Emergent Artists 2010
Tara Najd Ahmadi
MAINSITE Contemporary Art is pleased to welcome these 6 very dynamic artists to exhibit. For more information please call 405-292-8095 or 405-310-9426
MAINSITE welcomes you to read the artist statements below.
Geoffrey was born in Oklahoma in 1978. He was introduced to art at a young age by his father, a professional cartoonist and illustrator and Vietnam vet. Growing up in a family with a disabled veteran gave him an interest in the nature of sacrifice and violence and would greatly influence his art practice. He attended the Oklahoma Summer Arts Institute in 1997, where he would later serve as PR Assistant and Drawing/Painting Liason. In 2006, he completed his BFA in Painting and Printmaking at the University of Oklahoma. He has a 12 year old son, a cat named Roxie, and currently resides in Buffalo, NY, where he is a candidate for an MFA at the State University of New York – Buffalo.
Geoffrey’s work has been shown in numerous galleries and locations throughout the world. Most recently, he was included in Wet Paint 2010 at the Zhou B. Art Center in Chicago. Past performances have taken place in Oklahoma City, Buffalo, Toronto, and Berlin. Geoffrey’s work has also been featured in Art Threat magazine and in Buffalo Rising.
“My work is an exploration of the mythology of spirituality, the politics of aesthetics, and the connections between sacred and profane. For me, a necessary function of art is to examine the overlap of these two realms, the space of actual experience. We live in an era in which reproduction and simultaneity define our world. I want to re-interpret this collective visual language in hopes of finding parallels between disparate iconography. My goal is to challenge belief structures and create a dialog about the perception of life and death in contemporary society.”
Sherwin R. Tibayan
This project surveys the material presence of empty billboards and considers their capacity to comment on the environments that surround them.
For the last two years I have taken notice of and been actively searching for very clean, very white billboards, the kind that seem to present nothing but their own monumental physicality. Without the company of an advertisement to distract us, each billboard becomes an ambiguous fixture within the built environment, possibly indicative of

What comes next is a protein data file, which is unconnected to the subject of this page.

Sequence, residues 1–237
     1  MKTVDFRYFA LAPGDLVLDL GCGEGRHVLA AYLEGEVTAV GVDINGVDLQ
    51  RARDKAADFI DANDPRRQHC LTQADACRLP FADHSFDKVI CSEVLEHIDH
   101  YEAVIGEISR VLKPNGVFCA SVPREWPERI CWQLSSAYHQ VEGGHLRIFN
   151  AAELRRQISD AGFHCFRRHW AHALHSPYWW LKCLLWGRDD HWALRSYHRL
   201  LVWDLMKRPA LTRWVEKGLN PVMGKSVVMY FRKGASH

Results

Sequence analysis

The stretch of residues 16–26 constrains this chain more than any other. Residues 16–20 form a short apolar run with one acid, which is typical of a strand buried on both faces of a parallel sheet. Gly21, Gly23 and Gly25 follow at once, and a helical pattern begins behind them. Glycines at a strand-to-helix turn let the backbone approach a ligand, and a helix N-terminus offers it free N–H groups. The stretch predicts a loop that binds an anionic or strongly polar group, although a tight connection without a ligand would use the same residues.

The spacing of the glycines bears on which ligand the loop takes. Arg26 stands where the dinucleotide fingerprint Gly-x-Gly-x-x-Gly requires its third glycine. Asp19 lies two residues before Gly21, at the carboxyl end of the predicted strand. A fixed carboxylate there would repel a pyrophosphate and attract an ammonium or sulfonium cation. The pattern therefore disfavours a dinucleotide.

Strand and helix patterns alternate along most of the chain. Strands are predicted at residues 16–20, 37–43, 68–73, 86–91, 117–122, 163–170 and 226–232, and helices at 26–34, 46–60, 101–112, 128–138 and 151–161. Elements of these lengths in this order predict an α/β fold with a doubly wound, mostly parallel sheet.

economic and social realities, but equally reminiscent of movie screens or unpainted canvases.
Beyond these associations, “Horror Vacui” is about filling up the photographic frame with a confrontation of an object’s recovered material reality. It is only through the manifest blankness of each billboard that we encounter it—and possibly for the first time—as a physical object cast into landscapes of arguably equal emptiness.
Since I was a child, my Ukrainian heritage has played an important role in the shaping of my beliefs. Tradition and superstition are just two elements of Ukrainian culture that are passed down from generation to generation on the maternal side of my family. As I have reached my mid 20’s, these elements have influenced my daily life more and more, raising questions and curiosities that I confront through my art. I am drawn to using materials that echo my grandparents’ lives, such as the use of steel and fabrics, as well as everyday objects with which I have a spiritual connection. It is also through sensory experience that this spiritual connection grows stronger. The smell of steel, for example, reminds me of my grandfather’s shop while certain foods resonate memories of my grandmother.
The process of creating these pieces also plays an important role; it can be thought of as a contemplative study of my heritage. The shared processes and tasks my grandfather performed seem mundane, but I find them essential when creating each work. These repetitive tasks can be compared to the process of Ukrainian crafts, such as embroidery. The influence of these traditions can be seen throughout my work, but is translated in materials that prove to be a fervent link to my Ukrainian forbearers. As a result, this body of work becomes a medium for self-discovery as well as a record of sensorial memory.